From Business Education Council to Edexcel Foundation 1969-96: the short but winding road from technician education to instrumentalist technicism

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Abstract

This study accounts for the formation in England of the Business Education
Council (BEC) in 1974, and its development and transitions into the Business and Technology Education Council (BTEC) in 1983, and Edexcel Foundation in 1996. The article outlines the background and response to the 1969 report from the Committee on Technician Courses and Examinations (the Haslegrave Report), paying attention to its conceptualisation of the notion of ‘technician’. It is argued that this further entrenched the class-based ideological subtext that would continue to deny ‘parity of esteem’ to vocational education. The BEC/BTEC curriculum is characterised as one that, presenting a detour
through a form of progressive vocationalism, transformed pedagogic practice in further education. By 1993, however, BTEC was, in practice, constrained by the National Council for Vocational Qualifications and its innovative role in curriculum development was lost.
Original languageEnglish
Pages (from-to)237-255
Number of pages19
JournalJournal of Education and Work
Volume17
Issue number2
DOIs
Publication statusPublished - 2004

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business education
technician
road
occupational qualification
education
further education
Vocational Education
National Council
curriculum development
pedagogics
curriculum
examination
Roads
Business education
Education

Cite this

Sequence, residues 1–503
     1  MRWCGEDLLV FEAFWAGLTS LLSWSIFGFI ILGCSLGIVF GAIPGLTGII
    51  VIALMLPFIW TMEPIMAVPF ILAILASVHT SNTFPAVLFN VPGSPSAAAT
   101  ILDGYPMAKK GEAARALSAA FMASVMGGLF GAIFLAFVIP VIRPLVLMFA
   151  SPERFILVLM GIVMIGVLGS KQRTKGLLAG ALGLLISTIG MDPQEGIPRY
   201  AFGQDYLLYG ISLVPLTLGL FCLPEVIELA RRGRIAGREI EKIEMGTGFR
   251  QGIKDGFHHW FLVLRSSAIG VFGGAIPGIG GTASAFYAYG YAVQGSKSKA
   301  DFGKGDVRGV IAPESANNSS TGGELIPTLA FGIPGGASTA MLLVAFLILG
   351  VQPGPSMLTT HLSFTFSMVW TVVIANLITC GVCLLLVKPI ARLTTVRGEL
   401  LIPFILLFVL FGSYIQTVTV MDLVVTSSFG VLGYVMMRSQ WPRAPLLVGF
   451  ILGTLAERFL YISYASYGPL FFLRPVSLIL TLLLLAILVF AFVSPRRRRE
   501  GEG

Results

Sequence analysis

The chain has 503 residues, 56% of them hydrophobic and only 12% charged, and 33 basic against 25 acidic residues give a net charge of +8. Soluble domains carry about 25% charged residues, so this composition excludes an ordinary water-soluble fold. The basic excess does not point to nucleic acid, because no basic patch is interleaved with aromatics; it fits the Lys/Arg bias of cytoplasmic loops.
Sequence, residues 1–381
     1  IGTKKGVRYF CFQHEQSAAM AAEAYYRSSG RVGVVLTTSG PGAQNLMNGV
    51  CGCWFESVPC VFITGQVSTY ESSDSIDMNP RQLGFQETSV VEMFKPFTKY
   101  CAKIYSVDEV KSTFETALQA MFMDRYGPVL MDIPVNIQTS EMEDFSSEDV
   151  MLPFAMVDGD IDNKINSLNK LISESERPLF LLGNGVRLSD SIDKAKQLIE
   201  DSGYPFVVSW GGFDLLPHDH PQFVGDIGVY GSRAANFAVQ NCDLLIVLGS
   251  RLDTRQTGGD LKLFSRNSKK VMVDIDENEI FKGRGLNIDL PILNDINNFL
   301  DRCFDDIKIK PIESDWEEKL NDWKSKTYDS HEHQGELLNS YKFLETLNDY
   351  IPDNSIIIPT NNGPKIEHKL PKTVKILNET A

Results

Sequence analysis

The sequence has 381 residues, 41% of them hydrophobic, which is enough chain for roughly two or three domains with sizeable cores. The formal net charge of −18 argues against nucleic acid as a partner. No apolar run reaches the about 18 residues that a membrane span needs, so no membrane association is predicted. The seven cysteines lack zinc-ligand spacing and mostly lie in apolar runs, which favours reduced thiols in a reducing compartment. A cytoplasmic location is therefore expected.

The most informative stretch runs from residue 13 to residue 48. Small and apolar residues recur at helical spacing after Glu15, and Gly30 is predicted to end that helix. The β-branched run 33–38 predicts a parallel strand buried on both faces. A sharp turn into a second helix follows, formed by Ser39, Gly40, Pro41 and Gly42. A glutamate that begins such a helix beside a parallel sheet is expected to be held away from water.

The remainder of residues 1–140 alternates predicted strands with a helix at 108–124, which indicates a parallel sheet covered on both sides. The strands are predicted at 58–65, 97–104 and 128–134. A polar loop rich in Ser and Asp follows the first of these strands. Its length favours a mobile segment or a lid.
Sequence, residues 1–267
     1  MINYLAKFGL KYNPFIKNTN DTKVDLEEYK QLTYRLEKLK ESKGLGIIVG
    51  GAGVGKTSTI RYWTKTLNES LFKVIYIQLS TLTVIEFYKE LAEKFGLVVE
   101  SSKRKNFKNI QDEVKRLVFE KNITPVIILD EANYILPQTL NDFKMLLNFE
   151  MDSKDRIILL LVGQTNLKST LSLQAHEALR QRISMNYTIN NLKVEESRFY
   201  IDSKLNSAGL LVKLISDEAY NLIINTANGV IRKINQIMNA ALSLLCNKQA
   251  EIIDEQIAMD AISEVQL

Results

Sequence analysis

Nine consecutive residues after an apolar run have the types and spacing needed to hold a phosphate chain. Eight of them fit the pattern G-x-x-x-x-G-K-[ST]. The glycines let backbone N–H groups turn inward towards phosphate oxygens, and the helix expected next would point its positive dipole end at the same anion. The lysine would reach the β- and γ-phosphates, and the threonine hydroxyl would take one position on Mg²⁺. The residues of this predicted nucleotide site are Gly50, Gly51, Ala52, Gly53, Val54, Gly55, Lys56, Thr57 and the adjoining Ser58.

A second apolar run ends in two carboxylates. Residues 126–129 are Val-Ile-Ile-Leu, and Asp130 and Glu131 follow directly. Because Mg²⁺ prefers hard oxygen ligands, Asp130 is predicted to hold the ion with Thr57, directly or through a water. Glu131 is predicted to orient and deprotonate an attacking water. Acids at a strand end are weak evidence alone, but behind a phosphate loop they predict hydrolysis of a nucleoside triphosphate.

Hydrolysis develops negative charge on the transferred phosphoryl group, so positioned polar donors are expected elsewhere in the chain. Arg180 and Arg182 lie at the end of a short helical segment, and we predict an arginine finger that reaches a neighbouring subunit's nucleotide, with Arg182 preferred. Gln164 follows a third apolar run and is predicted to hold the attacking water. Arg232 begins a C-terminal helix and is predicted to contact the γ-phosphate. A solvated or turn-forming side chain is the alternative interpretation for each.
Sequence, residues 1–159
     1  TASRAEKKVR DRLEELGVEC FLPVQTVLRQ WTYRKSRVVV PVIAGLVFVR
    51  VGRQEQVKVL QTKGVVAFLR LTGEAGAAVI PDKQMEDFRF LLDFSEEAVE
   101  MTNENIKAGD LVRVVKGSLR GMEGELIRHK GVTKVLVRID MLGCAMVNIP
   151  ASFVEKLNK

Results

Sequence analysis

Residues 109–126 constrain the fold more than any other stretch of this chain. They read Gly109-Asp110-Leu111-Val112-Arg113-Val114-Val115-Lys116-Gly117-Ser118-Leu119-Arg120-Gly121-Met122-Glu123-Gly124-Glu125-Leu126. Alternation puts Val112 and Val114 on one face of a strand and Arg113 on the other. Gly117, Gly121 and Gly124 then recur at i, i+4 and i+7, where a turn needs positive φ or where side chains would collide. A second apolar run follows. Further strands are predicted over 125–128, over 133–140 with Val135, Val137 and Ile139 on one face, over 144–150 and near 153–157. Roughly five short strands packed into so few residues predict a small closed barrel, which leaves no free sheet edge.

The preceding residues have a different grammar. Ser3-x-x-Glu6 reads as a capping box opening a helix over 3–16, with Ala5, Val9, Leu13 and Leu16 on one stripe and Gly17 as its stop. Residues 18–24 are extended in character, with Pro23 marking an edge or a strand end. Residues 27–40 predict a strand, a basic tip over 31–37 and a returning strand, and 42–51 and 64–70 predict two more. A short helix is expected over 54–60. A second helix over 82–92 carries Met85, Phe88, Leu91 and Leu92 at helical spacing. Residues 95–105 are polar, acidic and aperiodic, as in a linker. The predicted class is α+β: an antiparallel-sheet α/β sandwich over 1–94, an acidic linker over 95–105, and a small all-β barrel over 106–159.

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abstract = "This study accounts for the formation in England of the Business EducationCouncil (BEC) in 1974, and its development and transitions into the Business and Technology Education Council (BTEC) in 1983, and Edexcel Foundation in 1996. The article outlines the background and response to the 1969 report from the Committee on Technician Courses and Examinations (the Haslegrave Report), paying attention to its conceptualisation of the notion of ‘technician’. It is argued that this further entrenched the class-based ideological subtext that would continue to deny ‘parity of esteem’ to vocational education. The BEC/BTEC curriculum is characterised as one that, presenting a detourthrough a form of progressive vocationalism, transformed pedagogic practice in further education. By 1993, however, BTEC was, in practice, constrained by the National Council for Vocational Qualifications and its innovative role in curriculum development was lost.",
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AB - This study accounts for the formation in England of the Business EducationCouncil (BEC) in 1974, and its development and transitions into the Business and Technology Education Council (BTEC) in 1983, and Edexcel Foundation in 1996. The article outlines the background and response to the 1969 report from the Committee on Technician Courses and Examinations (the Haslegrave Report), paying attention to its conceptualisation of the notion of ‘technician’. It is argued that this further entrenched the class-based ideological subtext that would continue to deny ‘parity of esteem’ to vocational education. The BEC/BTEC curriculum is characterised as one that, presenting a detourthrough a form of progressive vocationalism, transformed pedagogic practice in further education. By 1993, however, BTEC was, in practice, constrained by the National Council for Vocational Qualifications and its innovative role in curriculum development was lost.

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